Marrying U-Boot, uEFI and grub2 – Alexander Graf, SUSE

Booting is hard. Booting in the ARM world is even harder. State of the art are a dozen different boot loaders that may or may not deserve that name. Each gets configured differently and each has its own pros and cons. As a distribution this is a nightmare. Configuring each and every one of them complicates code that really should be very simple. To solve the problem, we can just add another layer of abstraction (grub2) on top of another layer of abstraction (uEFI) on top of another layer of abstraction (u-boot). Follow me on a journey on how all those layers can make life easier for the distribution and how much fun uEFI really is. After this talk, you will know how ARM systems boot, what uEFI really means, how uEFI binaries interact with firmware and how this enables convergence of the Enterprise and Embedded markets.

Alexander Graf, KVM Wizard, SUSE
Alexander started working for SUSE about 8 years ago. Since then he worked on fancy things like SUSE Studio, QEMU, KVM and openSUSE on ARM. Whenever something really useful comes to his mind, he tends to implement it. Among others he did Mac OS X virtualization using KVM, nested SVM, KVM on PowerPC and a lot of work in QEMU for openSUSE on ARM. He is the upstream maintainer of KVM for PowerPC, QEMU for PowerPC and QEMU for S390x.





U-Boot gets improved testing

Tom Rini of Konsulko posted an 8-part patch to the U-Boot list, improving their CI infrastrucute. It is nice to see firmware projects with improved testing!

[PATCH 0/8] Various travis-ci improvements

The following series does a few things with our existing travis-ci infrastructure.  We update to the latest Ubuntu release that is supported (there are only 2 Linux host choices) and make use of toolchains that are available that way when possible and fix building of x86.  I added in microblaze and sh4 and xtensa to the build loop (I left out blackfin and openrisc as they have compile problems currently in general). The biggest change here is that I’ve added support for test.py running on qemu-x86, qemu-ppce500, qemu-mips*, vexpress_ca15_tc2, vexpress_ca9x4, and integratorcp_cm926ejs along with sandbox.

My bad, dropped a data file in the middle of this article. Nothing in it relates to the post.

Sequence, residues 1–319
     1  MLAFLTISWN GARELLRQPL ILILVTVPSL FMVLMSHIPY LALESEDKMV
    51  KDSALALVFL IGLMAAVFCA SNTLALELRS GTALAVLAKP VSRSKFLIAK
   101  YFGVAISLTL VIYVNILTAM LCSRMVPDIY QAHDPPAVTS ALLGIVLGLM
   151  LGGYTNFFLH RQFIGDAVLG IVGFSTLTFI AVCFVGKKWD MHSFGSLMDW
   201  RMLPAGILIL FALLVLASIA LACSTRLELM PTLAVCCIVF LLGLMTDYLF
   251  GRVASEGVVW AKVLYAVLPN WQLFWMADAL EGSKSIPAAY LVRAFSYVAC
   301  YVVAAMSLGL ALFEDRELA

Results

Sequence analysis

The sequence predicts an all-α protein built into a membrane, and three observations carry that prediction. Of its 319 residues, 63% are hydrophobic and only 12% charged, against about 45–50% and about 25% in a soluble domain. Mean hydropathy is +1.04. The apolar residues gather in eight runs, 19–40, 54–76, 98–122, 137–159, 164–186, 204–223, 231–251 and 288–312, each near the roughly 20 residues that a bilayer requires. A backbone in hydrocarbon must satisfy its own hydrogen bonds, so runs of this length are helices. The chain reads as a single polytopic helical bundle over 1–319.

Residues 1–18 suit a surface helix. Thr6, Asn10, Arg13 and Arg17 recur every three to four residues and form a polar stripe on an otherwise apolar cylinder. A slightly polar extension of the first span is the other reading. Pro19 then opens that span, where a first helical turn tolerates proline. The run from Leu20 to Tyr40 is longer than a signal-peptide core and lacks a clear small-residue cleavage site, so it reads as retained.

This final part is I think the most important.  With this change all it now takes to have some build coverage and some test.py coverage is a github account.  You can then login to travis-ci.org that, click a few things and get build and test coverage with minimal effort now.  It takes about 2 hours in its current configuration but could easily be cut down in ones personal repository for quicker test cycles.  And for the record, in addition to email notifications by default one will have https://api.travis-ci.org/repos/USERNAME/u-boot/builds.atom available as an atom feed, in addition to the numerous other notification methods available.



U-Boot ported to Intel64

Simon Glass of Chromium posted a *82-part* patch to the U-Boot list, with a port of U-Boot from 32-bit x86 to 64-bit x64 support. Quoting Simon’s initial message:

[PATCH 00/82] x86: Add initial support for 64-bit U-Boot

At present U-Boot runs entirely in 32-bit mode on x86, except for the initial switch from 16-bit mode. On 64-bit machines it is possible to run in 64-bit mode. This series starts the process of adding this support. The main benefit of 64-bit mode for a boot loader is direct access to all available memory. There are also more registers, but this makes very little difference. This feature is implemented by putting all of the 32-bit code in an SPL build. SPL then runs through all the init that has to be done in 32-bit mode, changes to 64-bit mode and then jumps to U-Boot proper. Typically the total code size increases slightly. For example, on link in 32-bit mode, U-Boot has around 480KB of code (admittedly with a large number of features enabled). In 64-bit mode, U-Boot falls to around 460KB, but SPL adds another 60KB, for a net increase of 40KB. Partly this is due to code duplication and partly it is due to the worse code density of 64-bit code on x86. Many major features are not implemented yet, for example:
  – SDRAM sizing
  – Booting linux
  – FSP support
  – EFI support
  – SCSI device init
  – Running video ROMs
Still, this is a big step forward towards full 64-bit support. To enable it, select CONFIG_X86_RUN_64BIT. This series is available at u-boot-x86/64-working.

91 files changed, 1796 insertions(+), 705 deletions(-)
See full description in the post: